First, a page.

GWH lifesaving campaign highlights a killer
1:30pm Wednesday 18th September 2013 in Latest News
STAFF at the Great Western Hospital celebrated World Sepsis Day with the launch of a lifesaving campaign – The Sepsis Six.
Dozens of staff attended the event on Friday to mark the national day, which aims to raise awareness of sepsis.
Despite claiming more lives than breast and bowel cancer combined, awareness of this life threatening condition, which claims more than 37,000 lives a year in the UK, is low.
Sepsis is the body’s reaction to an infection where it attacks its own organs and tissues. It can start from any minor infection, such as a chest or urine infection or an infected bite or wound and is difficult to diagnose. The sooner treatment begins, the better the outcome and if not treated within six hours it can be fatal.
The Trust’s Sepsis Working Group, made up of nurses, doctors and pharmacists, have introduced the internationally recognised Sepsis Six to staff across the trust. Sepsis Six is a package of critical interventions performed within the first hour of severe sepsis being diagnosed. These simple interventions, including antibiotics and intravenous fluids, can increase the patient’s chance of survival by up to 30 per cent.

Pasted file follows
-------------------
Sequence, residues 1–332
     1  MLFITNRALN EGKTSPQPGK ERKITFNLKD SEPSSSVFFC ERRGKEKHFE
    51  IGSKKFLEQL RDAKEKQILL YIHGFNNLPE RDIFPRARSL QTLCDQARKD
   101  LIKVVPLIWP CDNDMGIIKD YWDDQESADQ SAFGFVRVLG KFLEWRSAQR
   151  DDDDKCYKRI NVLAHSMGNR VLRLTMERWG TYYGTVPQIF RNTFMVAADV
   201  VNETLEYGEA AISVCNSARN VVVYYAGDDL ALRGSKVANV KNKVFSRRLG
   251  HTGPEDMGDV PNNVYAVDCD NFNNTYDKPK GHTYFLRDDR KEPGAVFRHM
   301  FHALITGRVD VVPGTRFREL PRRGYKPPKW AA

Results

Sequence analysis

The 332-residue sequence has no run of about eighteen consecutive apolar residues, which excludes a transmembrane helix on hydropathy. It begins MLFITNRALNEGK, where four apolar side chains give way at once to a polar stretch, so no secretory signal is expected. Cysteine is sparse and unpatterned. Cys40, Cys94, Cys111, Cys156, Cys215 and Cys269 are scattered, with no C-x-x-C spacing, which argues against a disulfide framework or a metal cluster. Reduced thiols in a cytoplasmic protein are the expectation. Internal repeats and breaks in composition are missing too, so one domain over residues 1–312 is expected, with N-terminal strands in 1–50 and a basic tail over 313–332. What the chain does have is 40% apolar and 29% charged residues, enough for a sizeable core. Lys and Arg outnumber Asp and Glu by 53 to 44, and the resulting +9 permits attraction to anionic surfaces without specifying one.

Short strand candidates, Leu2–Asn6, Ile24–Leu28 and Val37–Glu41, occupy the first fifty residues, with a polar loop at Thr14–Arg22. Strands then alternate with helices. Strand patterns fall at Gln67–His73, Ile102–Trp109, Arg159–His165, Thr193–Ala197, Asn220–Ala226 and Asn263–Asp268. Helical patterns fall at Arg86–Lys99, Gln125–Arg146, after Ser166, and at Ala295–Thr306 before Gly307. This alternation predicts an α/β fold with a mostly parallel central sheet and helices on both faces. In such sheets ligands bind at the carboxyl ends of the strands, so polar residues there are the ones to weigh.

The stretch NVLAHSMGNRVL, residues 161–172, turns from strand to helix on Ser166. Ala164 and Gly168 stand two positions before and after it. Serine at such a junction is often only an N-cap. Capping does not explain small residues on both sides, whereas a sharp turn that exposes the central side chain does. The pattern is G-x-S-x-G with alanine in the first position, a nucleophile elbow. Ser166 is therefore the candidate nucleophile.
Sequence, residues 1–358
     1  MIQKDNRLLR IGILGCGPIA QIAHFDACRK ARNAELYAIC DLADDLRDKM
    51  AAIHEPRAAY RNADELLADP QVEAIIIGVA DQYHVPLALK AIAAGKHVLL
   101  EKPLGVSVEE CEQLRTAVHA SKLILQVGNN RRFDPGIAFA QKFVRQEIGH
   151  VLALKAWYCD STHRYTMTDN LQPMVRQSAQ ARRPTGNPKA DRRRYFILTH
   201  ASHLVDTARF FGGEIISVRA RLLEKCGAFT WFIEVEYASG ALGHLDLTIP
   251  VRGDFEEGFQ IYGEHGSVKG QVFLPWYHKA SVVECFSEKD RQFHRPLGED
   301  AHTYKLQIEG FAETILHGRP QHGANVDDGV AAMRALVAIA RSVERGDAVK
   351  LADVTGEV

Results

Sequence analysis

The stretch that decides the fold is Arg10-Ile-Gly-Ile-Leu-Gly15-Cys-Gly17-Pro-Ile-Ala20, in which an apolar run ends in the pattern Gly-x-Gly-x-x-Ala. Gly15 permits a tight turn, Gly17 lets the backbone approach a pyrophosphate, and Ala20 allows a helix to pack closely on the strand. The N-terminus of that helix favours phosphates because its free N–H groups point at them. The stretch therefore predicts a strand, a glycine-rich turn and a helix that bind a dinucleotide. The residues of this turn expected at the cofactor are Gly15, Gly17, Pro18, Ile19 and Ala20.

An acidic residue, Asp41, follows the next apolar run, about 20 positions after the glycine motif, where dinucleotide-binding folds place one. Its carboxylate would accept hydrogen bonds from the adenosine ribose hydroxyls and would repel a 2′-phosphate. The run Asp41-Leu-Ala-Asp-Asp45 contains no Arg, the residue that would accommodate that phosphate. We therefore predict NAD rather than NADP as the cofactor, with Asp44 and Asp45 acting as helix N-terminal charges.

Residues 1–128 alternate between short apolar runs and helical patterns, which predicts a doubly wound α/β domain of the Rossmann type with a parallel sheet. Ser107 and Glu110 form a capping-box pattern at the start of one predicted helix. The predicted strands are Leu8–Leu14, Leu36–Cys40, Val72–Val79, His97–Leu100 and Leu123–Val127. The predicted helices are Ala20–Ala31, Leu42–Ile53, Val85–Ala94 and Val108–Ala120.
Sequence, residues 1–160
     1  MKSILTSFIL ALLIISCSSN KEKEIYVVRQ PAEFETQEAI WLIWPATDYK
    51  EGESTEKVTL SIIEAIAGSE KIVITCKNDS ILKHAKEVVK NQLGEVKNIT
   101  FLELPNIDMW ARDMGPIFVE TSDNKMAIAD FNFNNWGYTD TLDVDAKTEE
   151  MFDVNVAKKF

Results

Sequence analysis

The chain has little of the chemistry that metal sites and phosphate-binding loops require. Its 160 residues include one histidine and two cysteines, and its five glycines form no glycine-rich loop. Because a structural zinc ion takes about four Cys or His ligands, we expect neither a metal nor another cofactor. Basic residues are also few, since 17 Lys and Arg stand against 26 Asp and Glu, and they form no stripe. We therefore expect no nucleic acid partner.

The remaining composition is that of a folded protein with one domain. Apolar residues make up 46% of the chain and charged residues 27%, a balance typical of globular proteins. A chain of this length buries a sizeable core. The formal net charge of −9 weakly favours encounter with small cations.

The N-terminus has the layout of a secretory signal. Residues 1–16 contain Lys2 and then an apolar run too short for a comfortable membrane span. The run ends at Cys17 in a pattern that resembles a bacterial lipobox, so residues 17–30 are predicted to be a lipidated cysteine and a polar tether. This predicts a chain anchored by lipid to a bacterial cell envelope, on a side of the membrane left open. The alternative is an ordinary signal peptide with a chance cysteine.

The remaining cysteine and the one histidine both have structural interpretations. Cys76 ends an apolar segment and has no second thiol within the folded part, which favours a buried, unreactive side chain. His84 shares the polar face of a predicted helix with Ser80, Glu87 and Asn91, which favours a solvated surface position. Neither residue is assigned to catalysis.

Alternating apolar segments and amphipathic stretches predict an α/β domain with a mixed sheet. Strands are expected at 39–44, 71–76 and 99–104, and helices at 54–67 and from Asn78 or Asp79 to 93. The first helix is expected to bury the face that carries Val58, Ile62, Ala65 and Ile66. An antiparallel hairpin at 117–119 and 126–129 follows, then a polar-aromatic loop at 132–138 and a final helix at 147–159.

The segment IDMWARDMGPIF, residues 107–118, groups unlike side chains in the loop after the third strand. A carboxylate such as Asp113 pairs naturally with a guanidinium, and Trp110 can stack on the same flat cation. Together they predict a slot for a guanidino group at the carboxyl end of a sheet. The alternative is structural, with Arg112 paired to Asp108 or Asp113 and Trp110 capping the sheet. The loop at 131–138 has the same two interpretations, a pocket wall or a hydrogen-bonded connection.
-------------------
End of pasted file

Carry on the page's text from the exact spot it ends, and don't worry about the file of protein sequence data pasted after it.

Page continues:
Amanda Pegden, consultant physician at Great Western Hospitals NHS Foundation Trust, is leading the campaign.
She said: “In just three months, from October to December last year, 20 per cent of patients in the Intensive Care Unit had severe sepsis – 42 out of 213 patients,” she said.
To learn more about sepsis visit the UK Sepsis Trust http://sepsistrust.org/
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